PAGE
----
Reagan: The Hollywood Years by Marc Eliot (Three Rivers Press, $17.00, 375 pages)
“(The Hollywood social scene) was… made up of Republicans. The Powells, the Murphys, the Steins, the Bergens, the Taylors, all were conservative-leaning Republicans; Reagan was the only die-hard registered Democrat among them.”
It’s hard to associate the following words with our mental perception of President Ronald Reagan: hardy Democrat, union leader and uber-supporter, heavy drinker and womanizer… And yet, this is the picture of a young Reagan – the man before he met and married Nancy, painted by Marc Eliot, who specializes in writing biographies of famous actors. It’s the shock attached to this portrait of an untamed young man who later became a stabilizing leader that will make the prospective reader of this account choose sides.
Some will refuse to read or even consider Reagan: The Hollywood Years since it does not mesh with the majority view of Ronald Reagan, the man. This is a person’s right, just as it’s fair for some of us to refuse to read (or believe) the worst stories about the Kennedys. Some will love that the account casts a disparaging view of an early Reagan; although, Eliot does not deny that Reagan experienced tremendous personal growth after marrying Nancy, settling down in every sense of the word, and entering politics. And some, as I did, will find it to be a very engaging read, a quick read except for the fact that so many of the actors mentioned will be unknown to anyone not alive in the 1940s. (You’ll need to have ready access to Wikipedia to continually look up the facts about actors and actresses; very few of whom are now living.)
Is Eliot’s biographical account credible? Well, there are arguments to be found on both sides of the issue. On the side of plausibility, Eliot’s not a hack writer. He earned his MFA from the Columbia University School of the Arts, and then studied for a PhD in film history. It’s not clear if he actually earned the PhD at Columbia, but he knows his films and he’s written some generally praised biographies, including American Rebel: The Life of Clint Eastwood, Cary Grant: A Biography and Jimmy Stewart: A Biography. Eliot’s also packed Reagan: The Hollywood Years with an immense number of source notes, specific references and a detailed index.
In addition, at least one of the then young actresses who was said to have had a sexual fling with Reagan back in the day confirmed Eliot’s account after the book’s publication. On the flip side, a number of individuals have challenged the “facts” in this unique account, and Eliot more recently published a biography of Steve McQueen that many have found to be a bit implausible, to say the least. (There are better biographies of Steve McQueen.)
In Eliot’s version of his early life, Reagan was a minimally talented actor who became extremely well-known even though he was not even in the Top 40 actors of his time – one poll listing him as the 82nd favorite actor in 1939-40, when Clark Gable was number 1. But Reagan was always a lucky young man, always getting the right break at the right time, which brings to mind what Paul Newman was to call “Newman’s luck.” Mr. Reagan had Reagan’s luck.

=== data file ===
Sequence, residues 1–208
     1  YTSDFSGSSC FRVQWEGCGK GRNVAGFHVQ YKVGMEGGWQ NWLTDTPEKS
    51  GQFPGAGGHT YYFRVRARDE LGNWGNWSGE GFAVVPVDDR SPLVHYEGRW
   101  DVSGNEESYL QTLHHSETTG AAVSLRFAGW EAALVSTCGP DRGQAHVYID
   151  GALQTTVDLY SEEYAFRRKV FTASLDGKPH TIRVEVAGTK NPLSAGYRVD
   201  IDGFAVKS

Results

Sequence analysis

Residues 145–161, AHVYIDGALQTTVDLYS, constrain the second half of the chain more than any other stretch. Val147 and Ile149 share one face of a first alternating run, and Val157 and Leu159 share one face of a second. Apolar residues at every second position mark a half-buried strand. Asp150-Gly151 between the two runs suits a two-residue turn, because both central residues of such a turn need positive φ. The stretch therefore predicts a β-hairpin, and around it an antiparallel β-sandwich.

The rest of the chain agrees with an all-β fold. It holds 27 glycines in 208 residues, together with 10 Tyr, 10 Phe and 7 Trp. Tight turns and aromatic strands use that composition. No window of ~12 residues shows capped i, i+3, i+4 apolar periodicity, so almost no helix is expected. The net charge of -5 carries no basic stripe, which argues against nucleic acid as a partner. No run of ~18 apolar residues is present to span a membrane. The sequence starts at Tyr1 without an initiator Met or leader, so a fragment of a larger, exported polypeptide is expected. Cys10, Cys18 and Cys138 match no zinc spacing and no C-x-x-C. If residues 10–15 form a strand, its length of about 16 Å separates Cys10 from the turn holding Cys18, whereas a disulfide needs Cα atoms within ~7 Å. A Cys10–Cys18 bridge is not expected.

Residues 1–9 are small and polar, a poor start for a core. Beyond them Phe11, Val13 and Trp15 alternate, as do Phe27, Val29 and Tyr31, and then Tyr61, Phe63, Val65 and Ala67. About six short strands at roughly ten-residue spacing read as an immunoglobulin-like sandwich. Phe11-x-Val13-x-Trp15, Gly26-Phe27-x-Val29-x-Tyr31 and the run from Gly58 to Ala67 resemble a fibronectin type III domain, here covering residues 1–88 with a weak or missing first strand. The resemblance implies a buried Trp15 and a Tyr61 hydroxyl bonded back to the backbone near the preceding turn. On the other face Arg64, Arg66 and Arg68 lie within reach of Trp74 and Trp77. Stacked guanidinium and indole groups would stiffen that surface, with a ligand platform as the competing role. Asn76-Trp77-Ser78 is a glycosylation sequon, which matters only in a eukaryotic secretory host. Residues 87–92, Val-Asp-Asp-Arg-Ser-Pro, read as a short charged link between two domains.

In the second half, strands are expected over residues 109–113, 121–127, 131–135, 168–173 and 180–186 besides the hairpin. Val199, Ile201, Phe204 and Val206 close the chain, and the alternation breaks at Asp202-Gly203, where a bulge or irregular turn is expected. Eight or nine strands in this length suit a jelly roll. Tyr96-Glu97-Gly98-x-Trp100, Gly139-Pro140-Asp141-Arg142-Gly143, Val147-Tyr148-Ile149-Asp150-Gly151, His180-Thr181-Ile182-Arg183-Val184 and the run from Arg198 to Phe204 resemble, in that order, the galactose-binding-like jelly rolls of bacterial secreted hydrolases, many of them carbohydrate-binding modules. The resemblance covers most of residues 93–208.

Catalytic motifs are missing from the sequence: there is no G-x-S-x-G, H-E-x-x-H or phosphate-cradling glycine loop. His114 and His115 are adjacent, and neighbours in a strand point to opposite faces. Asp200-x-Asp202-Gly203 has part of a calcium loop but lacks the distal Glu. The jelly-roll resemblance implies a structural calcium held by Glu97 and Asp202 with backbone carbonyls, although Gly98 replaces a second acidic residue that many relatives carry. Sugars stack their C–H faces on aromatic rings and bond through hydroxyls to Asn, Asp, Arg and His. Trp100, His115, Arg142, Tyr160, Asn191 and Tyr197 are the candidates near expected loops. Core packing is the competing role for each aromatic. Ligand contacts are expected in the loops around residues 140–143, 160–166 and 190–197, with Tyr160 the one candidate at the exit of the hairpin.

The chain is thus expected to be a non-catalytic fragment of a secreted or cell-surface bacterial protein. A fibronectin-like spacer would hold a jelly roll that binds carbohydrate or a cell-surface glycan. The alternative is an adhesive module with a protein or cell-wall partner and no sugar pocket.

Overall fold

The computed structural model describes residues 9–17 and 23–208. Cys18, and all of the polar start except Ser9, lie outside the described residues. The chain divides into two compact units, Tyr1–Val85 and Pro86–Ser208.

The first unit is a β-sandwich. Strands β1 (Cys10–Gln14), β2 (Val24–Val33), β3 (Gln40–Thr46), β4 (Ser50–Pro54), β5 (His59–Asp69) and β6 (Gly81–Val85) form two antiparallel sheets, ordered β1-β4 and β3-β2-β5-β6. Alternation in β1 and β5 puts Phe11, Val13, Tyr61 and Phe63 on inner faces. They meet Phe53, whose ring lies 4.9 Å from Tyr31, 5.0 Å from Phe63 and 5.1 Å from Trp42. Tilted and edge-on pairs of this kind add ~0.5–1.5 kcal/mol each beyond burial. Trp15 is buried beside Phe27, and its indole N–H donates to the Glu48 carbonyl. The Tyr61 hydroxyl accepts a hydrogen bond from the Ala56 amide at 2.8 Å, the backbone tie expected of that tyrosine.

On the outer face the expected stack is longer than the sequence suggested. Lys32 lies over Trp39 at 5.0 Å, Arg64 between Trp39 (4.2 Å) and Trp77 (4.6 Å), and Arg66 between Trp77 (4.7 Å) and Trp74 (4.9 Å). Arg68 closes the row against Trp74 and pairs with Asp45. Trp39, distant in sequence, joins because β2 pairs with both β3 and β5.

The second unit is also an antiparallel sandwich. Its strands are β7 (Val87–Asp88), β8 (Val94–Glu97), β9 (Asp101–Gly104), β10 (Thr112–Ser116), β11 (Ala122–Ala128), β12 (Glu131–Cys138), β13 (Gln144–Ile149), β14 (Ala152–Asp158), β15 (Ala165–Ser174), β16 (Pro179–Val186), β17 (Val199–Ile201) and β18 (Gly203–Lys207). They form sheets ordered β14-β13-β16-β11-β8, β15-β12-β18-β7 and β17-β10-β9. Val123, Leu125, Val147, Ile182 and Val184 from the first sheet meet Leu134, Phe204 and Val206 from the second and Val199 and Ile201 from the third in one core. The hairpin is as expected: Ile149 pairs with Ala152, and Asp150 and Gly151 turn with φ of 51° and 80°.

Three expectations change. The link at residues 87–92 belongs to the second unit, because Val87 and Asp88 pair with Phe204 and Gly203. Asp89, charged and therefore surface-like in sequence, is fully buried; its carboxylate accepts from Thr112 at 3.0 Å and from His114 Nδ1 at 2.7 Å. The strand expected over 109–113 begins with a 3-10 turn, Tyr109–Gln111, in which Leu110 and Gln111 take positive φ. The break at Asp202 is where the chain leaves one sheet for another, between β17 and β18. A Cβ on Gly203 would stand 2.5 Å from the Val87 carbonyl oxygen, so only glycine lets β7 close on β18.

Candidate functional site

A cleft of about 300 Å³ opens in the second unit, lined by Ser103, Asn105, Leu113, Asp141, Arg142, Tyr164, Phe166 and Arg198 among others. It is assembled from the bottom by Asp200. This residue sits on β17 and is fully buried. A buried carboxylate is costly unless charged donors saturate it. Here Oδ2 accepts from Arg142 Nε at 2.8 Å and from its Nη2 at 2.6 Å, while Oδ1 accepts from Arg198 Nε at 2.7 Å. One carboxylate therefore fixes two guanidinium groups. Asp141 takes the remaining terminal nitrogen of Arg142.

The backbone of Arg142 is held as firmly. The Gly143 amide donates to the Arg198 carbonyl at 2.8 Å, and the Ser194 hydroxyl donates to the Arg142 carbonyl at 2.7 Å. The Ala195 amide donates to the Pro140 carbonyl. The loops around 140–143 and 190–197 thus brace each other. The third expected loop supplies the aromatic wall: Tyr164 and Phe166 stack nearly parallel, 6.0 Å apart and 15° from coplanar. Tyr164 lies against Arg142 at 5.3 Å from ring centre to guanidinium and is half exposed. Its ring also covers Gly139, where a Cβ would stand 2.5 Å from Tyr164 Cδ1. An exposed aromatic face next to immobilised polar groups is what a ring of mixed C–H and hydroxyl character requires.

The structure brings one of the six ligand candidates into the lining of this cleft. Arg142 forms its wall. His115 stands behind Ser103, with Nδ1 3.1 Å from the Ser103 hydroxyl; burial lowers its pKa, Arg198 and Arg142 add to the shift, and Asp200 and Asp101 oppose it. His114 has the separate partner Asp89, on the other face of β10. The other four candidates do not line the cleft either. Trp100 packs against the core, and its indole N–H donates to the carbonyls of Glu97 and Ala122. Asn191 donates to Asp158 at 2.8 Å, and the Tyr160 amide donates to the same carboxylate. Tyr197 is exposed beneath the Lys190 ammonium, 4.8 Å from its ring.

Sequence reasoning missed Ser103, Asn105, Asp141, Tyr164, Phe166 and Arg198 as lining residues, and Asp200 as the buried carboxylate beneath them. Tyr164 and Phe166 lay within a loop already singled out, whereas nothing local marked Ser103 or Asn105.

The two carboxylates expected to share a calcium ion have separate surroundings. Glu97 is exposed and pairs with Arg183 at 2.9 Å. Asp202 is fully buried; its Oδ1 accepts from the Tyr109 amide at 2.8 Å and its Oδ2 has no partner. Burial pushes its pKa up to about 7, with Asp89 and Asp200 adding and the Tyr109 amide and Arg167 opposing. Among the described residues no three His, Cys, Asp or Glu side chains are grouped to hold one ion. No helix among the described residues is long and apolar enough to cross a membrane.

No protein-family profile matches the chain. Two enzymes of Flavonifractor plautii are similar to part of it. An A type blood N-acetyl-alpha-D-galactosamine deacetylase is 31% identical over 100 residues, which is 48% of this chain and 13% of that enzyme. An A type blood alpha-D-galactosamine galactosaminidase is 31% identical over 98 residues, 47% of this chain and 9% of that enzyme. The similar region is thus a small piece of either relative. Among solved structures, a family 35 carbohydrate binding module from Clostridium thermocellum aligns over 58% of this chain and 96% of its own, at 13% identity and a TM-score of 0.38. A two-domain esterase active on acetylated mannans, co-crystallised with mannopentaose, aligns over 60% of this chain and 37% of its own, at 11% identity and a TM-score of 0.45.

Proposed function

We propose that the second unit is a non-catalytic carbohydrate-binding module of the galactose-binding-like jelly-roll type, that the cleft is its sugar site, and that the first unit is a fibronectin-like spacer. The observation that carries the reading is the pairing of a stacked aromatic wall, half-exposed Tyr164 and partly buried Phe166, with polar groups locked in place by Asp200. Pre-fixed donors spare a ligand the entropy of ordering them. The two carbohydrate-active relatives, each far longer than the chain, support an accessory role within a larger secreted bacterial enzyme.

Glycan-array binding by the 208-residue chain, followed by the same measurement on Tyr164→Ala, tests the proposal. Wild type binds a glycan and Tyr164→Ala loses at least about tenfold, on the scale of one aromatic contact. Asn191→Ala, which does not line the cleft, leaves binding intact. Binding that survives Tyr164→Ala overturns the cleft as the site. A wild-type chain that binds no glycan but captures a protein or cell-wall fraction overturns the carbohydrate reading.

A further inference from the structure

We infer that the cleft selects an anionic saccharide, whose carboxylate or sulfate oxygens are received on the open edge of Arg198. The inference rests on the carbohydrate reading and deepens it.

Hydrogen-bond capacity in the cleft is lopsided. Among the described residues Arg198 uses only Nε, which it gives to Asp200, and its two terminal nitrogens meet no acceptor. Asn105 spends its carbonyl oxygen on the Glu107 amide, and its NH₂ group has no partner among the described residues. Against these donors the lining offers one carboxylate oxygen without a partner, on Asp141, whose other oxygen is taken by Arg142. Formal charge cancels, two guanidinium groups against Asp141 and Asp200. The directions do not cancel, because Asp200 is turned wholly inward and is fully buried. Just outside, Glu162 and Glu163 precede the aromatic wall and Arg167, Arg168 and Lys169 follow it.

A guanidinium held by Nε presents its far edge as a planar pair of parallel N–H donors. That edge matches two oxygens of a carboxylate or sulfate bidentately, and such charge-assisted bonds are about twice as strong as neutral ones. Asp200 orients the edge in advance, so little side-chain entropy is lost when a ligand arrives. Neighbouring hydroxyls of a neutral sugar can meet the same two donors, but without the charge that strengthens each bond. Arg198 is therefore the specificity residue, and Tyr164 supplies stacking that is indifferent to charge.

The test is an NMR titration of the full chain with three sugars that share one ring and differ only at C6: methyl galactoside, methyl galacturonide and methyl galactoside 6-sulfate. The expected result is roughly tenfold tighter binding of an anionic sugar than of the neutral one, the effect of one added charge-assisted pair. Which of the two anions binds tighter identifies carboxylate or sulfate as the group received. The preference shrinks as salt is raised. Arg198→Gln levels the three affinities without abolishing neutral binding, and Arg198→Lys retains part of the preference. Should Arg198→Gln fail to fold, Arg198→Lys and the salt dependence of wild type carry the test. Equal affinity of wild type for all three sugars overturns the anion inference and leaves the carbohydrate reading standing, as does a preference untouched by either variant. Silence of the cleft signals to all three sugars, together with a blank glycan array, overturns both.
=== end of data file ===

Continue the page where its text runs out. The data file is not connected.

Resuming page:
“…he chose to spend most evening with young, willing and always beautiful starlets.”
This Reagan had a very contentious marriage to Jane Wyman. He once said to her, “We’ll lead an ideal life if you’ll just avoid doing one thing: Don’t think.” But his divorce from her almost destroyed him and led him to become a man who went through young starlets like a hot knife through butter. He also was at one time, allegedly, a man who loved his drink. In Eliot’s telling, Reagan sometimes met William Holden in the early evening at Ciro’s Nightclub on the Strip in West Hollywood where they would drink until the place closed.
Whether this all sounds plausible or not, it is one of Eliot’s most interesting accounts and it’s highlighted by some details that will not be found anywhere else. For example, Eliot writes about the run-ins that Reagan had with the Kennedy brothers going back several decades; information that I’ve never come across before.
In the end, this is what Newsweek termed “A fascinating portrait.” It may or may not be an accurate one; that’s not my decision to make. One of the fascinating tales told in Eliot’s version of events in the life of the young Ronald Reagan came about when Reagan blasted Motion Picture magazine for violating his privacy – something that had not bothered him previously – once he began dating one Nancy Davis. The magazine returned fire by printing an open letter to Mr. Reagan which sternly reminded him that, “Yours is a business, Mr. Reagan, which is built on publicity. In this sense, actors are like politicians…”
Recommended, with the caveat that for some reading this book will require a suspension of disbelief.
This book was purchased by the reviewer. Here is a link to our review of Marc Eliot’s bio of Clint Eastwood: http://josephsreviews.wordpress.com/2009/12/30/american-rebel-the-life-of-clint-eastwood/
The best biographies of Steve McQueen are Steve McQueen: Portrait of an American Rebel by Marshall Terrill, and Steve McQueen: The Life and Legend of Hollywood Icon by Marshall Terrill and Peter O. Whitmer PhD.